A couple of Los Angeles City Council members have decided not to be outdone by New York City Mayor Bill de Blasio's recent vaccine passport mandate. On Wednesday, they announced they were introducing their own.
L.A. City Council President Nury Martinez and Councilman Mitch O'Farrell have introduced a motion instructing the city attorney to draft an ordinance requiring people in Los Angeles to provide proof of at least one vaccine dose in order to enter any indoor spaces "including but not limited to restaurants, bars, retail establishments, fitness centers, spas, and entertainment centers such as stadiums, concert venues, and movie theaters."
There is no actual scientific or safety justification for such a demand. The motion itself notes that more than 70 percent of Los Angeles County residents over the age of 16 have gotten at least one vaccine dose. Hospitalizations and deaths in Los Angeles due to COVID-19 are indeed rising again, but they're nowhere near where they were before vaccines became available. Hospitalizations won't reach that spot again precisely because more than 70 percent of residents are at least partly vaccinated.
Rather, this is all an exhaustingly performative forceful "nudge" to try to make the vaccine holdouts comply and get shots. Martinez frames it all in the most judgmental, insulting way possible in a statement.
"Enough is enough already," Martinez wrote. "Hospital workers are exhausted, moms who have put aside their careers are tired, and our kids cannot afford the loss of another school year. We have three vaccines that work and are readily available, so what's it going to take? Our kids are about to return to school, and the unvaccinated are putting their lives at risk every day. Ask your questions, talk to your doctor and get the vaccine. Let's put this behind us."
It's worth noting that it's the school district's fault kids haven't returned to school. It has bent the knee to teachers unions using the pandemic as a negotiation device and deliberately exaggerating the risks. In other words, Martinez argues that the vaccination passports are needed to stave off future lockdowns, but the lockdowns are themselves a result of government mandates, and if Martinez wants to avoid lockdowns, Los Angeles can just…not have them. The people who Martinez wants to get vaccinations are freely choosing to expose themselves to disease risks.
Her quote is also a bit of a head-scratcher because she seems to think that vaccine passports are some sort of method of putting the pandemic "behind us" and ending its imposition on vaccinated Angelenos rather than the reality that she's proposing a vast, new, difficult-to-manage information mandate that is going to be a nightmare to both roll out and enforce in such a massive city.
The Los Angeles Times is diplomatic when it notes, "It also remains to be seen how such a mandate could be reasonably enforced in a city the size of Los Angeles—one that has often fallen short in carrying out its stated rules."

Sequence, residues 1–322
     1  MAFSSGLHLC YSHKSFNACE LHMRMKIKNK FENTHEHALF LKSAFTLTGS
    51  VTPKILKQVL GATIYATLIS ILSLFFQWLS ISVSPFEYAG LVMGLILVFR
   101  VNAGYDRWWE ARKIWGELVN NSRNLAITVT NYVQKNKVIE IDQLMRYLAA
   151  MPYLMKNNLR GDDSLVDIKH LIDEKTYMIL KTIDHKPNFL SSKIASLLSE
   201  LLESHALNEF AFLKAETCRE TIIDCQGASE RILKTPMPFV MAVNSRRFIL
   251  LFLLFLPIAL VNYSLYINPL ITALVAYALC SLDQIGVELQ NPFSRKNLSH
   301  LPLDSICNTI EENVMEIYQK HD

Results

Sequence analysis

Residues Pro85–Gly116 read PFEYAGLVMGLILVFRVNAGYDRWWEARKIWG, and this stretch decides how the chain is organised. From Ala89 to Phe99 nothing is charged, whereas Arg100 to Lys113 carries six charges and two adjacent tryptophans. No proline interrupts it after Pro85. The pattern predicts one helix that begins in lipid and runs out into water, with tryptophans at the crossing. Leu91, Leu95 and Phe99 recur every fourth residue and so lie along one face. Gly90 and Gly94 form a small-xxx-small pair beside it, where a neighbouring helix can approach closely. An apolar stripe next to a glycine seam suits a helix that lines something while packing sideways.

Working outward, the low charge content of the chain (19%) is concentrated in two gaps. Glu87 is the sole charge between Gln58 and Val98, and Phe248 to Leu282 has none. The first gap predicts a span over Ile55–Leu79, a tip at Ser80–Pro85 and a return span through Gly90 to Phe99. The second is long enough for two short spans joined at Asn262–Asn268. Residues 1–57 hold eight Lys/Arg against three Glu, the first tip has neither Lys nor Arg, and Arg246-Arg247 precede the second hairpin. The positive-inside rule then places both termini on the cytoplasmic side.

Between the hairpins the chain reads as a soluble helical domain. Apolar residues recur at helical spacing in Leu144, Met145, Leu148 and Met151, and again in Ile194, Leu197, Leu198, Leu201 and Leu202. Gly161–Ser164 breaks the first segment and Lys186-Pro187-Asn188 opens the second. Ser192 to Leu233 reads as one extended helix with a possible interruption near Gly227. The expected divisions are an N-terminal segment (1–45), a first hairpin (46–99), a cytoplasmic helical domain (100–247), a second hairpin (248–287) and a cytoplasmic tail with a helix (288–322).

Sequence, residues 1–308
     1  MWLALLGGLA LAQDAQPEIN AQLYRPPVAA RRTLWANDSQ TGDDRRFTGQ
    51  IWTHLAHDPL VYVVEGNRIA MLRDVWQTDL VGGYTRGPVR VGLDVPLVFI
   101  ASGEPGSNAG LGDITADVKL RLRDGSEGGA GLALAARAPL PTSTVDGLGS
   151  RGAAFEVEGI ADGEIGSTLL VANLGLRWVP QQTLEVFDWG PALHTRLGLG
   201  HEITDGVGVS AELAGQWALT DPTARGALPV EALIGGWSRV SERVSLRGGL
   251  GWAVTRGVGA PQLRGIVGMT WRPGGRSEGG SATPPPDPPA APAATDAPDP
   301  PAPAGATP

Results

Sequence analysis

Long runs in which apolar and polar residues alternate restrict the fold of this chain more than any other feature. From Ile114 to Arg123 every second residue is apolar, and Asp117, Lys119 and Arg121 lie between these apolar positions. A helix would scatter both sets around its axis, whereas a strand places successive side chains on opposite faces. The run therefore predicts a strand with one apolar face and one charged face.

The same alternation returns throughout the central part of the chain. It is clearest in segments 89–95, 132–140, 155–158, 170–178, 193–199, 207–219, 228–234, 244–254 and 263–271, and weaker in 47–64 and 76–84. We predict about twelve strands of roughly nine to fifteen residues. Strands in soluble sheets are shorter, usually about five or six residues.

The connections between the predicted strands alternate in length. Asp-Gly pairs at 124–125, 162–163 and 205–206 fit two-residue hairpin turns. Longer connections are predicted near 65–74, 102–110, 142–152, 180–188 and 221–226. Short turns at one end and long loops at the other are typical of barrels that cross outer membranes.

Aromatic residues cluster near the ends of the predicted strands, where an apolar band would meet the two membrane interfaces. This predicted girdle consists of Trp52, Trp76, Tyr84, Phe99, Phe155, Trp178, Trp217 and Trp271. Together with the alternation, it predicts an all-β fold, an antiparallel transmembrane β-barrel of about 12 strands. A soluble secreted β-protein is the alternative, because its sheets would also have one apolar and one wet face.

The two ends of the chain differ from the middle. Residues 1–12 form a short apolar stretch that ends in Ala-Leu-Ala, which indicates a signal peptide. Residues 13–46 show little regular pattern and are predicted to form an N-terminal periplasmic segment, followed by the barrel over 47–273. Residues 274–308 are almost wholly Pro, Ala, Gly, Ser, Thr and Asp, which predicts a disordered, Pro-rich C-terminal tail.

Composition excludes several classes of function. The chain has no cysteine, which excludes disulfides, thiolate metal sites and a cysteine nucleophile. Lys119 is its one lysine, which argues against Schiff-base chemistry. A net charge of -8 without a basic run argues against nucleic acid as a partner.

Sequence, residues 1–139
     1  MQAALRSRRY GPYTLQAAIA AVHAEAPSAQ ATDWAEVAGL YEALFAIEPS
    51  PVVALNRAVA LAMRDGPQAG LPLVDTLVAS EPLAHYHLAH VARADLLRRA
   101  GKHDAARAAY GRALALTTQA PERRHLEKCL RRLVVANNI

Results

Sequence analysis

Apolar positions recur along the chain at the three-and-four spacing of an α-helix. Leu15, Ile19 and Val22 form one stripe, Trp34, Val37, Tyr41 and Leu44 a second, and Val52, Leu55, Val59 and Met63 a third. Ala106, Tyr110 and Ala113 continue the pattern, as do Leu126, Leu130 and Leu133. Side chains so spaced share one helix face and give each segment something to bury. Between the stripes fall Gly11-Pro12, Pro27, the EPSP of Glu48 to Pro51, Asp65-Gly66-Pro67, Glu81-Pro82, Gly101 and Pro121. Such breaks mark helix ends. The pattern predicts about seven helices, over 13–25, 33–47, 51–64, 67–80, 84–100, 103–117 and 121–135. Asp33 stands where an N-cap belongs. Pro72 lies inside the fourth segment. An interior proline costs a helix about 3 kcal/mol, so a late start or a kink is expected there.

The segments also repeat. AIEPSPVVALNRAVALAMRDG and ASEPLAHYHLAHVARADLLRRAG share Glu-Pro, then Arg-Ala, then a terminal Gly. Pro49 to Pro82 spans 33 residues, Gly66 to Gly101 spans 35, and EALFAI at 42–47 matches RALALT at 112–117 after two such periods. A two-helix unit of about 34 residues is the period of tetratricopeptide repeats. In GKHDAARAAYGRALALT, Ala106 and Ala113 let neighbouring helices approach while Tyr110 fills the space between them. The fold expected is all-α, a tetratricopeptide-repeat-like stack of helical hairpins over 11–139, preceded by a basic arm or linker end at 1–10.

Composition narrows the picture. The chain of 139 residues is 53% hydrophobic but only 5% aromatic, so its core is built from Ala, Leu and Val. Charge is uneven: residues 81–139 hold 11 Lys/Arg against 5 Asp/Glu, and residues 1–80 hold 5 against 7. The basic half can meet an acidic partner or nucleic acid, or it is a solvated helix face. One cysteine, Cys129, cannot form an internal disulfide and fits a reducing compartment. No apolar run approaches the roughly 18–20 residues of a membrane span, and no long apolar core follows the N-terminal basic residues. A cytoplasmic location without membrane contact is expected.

Let's be clear here: The city consistently drops more balls than a juggler having a seizure when it comes to actually carrying out policy. After voters legalized recreational marijuana, it took years for Los Angeles to get its act together and roll out a business-licensing system to actually allow more storefronts to open, resulting in a continued black market and essentially a continued drug war fueled mostly by high taxes and incompetent bureaucracy.
When the city finally legalized street vending in 2018, even given a year to prepare, the city was apparently unable to actually set up a system that would put permits in the hands of the people who needed them. The city could not adequately provide a piece of paper to guys who wanted to sell hot dogs. Officials think they're going to implement and enforce a policy where every Angeleno provides proof of vaccination and every single store and venue in the city is able to efficiently check them? Nonsense.
In a way, it should be a relief for L.A. residents to know there's no way the city can actually do what Martinez wants and City Attorney Mike Feuer (who is running for mayor) is also encouraging. But that means the policy will likely be ineptly and inconsistently enforced. L.A.'s inability to get its act together to properly license marijuana dispensaries did not stop the city from using its power to force dispensaries to close.
The Times notes that many businesses themselves support vaccine passports so that they can point to the city's ordinance if customers complain or threaten to sue them for denying them service.
What is left unstated with such broad mandates is that some businesses will be better positioned to absorb the costs and burdens of complying with the ordinance than others. Smaller businesses lacking the resources to consistently comply with the policy will inevitably be targeted and punished.
What's also unexplored is the reality that people who are insistent on not getting vaccinated will most certainly figure out how to cheat the system, which will by its nature have to be simple and quick to use. People who are already vaccinated will have to go around constantly proving that status every time they enter a store, and we haven't even discussed how much of a burden this might be to poor people, those who aren't terribly tech-savvy, and folks who don't have smartphones. Meanwhile, the holdouts will easily fake it. Consider how many teens have gotten fake IDs in order to purchase alcohol and enter bars before turning 21.
L.A.'s proposed vaccine passport mandate is authoritarian nonsense that won't prevent the spread of COVID-19, won't encourage vaccinations the way people think it will, and will create a massive bureaucratic burden that will punish both the vaccinated and local businesses.
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